Today we know, that the group, now referred to as the Dorset Culture, were the ones who came here, to a land void of humans, 1300 years ago.
It seems they may already have been here during an earlier wave of immigration right before the country was depopulated, but in spite of the amount of time they spent in Greenland, the Dorset Culture is shrouded in mystery. Why did they not use kayaks like the groups who came before and after them? How come they did not have dogs and sleds and why are their tools, patterns of habitation and technology so different from other Inuit immigrant groups?
The probable answers have been widely discussed, but the prevailing theory explains them as a group of people arriving here from the Northeast American woodland areas, and that they differ from other groups by “smelling somewhat of forests” as one Danish archeologist put it.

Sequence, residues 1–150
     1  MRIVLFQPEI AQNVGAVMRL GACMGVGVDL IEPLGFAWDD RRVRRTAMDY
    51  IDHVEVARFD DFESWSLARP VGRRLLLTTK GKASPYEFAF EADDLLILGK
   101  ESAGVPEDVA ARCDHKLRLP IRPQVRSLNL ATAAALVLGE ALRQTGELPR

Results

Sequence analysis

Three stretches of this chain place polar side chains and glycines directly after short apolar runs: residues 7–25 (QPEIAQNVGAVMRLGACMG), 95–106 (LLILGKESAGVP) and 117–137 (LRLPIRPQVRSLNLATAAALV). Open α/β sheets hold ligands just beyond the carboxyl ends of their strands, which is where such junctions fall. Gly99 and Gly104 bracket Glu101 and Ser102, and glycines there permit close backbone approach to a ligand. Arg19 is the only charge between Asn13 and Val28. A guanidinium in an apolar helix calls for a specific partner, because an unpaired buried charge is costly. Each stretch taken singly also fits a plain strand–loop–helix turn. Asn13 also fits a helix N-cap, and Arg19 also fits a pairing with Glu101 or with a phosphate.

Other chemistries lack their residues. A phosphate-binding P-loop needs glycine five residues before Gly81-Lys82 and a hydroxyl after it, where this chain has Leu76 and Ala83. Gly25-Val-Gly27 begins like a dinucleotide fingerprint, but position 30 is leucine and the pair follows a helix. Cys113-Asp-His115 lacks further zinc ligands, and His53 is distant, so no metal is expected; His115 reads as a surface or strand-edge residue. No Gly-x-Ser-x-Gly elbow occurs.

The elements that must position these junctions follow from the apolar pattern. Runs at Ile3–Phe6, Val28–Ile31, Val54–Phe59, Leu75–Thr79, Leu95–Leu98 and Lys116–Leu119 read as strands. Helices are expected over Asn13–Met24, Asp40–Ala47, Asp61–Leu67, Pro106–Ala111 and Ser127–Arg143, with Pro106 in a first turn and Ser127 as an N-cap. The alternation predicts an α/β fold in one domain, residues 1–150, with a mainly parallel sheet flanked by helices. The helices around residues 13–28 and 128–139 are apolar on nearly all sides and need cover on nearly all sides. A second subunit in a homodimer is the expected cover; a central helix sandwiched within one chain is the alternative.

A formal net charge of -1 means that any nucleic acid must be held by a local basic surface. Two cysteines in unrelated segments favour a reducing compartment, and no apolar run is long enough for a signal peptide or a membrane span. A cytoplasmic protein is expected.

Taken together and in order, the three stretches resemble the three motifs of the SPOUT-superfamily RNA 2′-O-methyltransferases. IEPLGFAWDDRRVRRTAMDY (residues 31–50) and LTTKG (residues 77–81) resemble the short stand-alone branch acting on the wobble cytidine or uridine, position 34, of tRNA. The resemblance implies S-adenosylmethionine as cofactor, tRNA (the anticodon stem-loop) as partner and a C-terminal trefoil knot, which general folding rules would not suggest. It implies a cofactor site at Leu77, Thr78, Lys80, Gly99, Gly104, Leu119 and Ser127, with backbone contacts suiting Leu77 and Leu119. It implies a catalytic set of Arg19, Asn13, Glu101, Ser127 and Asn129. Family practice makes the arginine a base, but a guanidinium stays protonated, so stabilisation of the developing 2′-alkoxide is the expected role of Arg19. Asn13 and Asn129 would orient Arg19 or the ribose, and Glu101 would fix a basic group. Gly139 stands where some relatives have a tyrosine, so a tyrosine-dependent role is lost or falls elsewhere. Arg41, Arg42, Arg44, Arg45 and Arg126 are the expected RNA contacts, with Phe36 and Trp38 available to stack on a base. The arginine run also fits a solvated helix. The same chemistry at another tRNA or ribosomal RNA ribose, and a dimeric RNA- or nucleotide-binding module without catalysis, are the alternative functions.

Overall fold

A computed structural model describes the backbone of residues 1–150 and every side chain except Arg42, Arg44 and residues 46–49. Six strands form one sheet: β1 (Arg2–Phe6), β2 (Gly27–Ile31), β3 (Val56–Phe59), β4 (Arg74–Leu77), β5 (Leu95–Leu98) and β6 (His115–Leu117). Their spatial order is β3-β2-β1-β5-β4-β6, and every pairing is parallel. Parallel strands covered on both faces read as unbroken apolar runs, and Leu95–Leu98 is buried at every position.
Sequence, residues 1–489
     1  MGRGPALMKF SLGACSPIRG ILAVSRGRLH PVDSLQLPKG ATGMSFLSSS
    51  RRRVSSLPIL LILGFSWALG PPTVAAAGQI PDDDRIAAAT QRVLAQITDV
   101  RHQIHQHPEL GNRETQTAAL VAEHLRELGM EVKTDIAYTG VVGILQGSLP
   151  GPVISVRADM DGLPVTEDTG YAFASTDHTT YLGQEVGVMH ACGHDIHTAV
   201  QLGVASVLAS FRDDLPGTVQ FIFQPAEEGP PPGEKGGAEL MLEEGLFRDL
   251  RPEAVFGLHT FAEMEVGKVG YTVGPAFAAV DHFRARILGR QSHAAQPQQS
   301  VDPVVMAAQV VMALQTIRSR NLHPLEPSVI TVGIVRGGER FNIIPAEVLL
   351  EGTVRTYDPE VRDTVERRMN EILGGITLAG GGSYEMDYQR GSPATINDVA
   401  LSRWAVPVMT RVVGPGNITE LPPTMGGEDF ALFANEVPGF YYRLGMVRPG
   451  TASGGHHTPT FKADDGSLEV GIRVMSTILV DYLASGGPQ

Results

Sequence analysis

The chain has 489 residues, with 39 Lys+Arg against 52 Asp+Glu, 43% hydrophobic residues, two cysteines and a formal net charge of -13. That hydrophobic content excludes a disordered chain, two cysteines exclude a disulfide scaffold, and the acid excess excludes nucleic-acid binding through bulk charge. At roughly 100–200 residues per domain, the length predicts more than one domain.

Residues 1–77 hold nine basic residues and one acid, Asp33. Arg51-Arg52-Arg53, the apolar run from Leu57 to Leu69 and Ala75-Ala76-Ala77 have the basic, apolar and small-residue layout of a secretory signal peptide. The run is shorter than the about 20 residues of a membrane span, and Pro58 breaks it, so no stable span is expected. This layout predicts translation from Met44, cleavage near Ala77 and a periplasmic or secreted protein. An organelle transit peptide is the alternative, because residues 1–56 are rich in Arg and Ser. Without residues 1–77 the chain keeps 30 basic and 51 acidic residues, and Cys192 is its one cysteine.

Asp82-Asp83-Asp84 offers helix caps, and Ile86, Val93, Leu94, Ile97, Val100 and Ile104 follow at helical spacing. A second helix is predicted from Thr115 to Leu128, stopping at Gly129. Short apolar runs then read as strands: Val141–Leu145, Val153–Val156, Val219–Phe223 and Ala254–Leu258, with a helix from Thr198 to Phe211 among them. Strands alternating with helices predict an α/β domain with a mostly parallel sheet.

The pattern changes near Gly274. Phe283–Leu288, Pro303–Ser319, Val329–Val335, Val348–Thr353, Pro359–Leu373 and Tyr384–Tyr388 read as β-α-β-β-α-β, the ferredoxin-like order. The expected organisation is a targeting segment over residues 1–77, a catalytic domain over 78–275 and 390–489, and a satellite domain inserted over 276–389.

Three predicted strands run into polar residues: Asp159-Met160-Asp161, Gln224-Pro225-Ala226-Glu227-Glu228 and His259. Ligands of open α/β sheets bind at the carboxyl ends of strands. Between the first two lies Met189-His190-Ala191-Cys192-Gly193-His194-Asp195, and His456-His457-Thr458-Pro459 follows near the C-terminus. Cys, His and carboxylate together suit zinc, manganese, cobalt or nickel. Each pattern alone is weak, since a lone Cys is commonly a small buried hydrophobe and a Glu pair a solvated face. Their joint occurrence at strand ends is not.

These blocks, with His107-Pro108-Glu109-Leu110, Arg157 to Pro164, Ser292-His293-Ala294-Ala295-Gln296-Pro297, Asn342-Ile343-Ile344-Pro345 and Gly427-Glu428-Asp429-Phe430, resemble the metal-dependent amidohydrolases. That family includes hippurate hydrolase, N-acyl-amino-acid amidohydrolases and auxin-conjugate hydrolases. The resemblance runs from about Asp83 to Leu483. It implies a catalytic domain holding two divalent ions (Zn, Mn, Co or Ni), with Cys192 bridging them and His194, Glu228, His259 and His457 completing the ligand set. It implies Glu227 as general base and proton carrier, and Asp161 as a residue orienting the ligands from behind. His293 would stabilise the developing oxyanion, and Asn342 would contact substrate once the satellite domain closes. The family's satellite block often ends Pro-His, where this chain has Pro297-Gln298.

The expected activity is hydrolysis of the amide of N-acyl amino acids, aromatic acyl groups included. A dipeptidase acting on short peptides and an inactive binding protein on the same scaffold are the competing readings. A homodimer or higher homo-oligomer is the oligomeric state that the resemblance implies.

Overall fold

Their origins in this climatic temperate region may explain why they disappeared at the same time with the onslaught of the Little Ice Age in 1300 A.D. which turned Greenland into a colder and more inhospitable region.
THE THULE PEOPLE BROUGHT THE SLED DOG WITH THEM TO GREENLAND
The harsher climate and the disappointing summers did not seem to bother the Thule people, a group of highly specialized and adaptable nomads, who quickly spread out all along the ice free coast line around 1300 A.D.
As with other immigrant groups of Inuit peoples, the Thule people had also gone east, this time crossing the Bering Strait into Greenland. According to legends and folklore they had heard about iron and its wonderful properties as a source for tools, and that the iron could be found in meteorites in Northern Greenland.
The Thule people were whale and seal hunters and were most likely the first people to bring dogs into Greenland thus inaugurating the cultural history of dog sledding in Greenland.
They would go on long journeys by dog sled in the areas they were hunting and thus they founded the cultural tradition which in later times has been popularized during the era of expeditions surrounding those by Knud Rasmussen’s travels in Northern Greenland and Arctic Canada, and which today has become an important part of the local culture as well as in adventure tourism.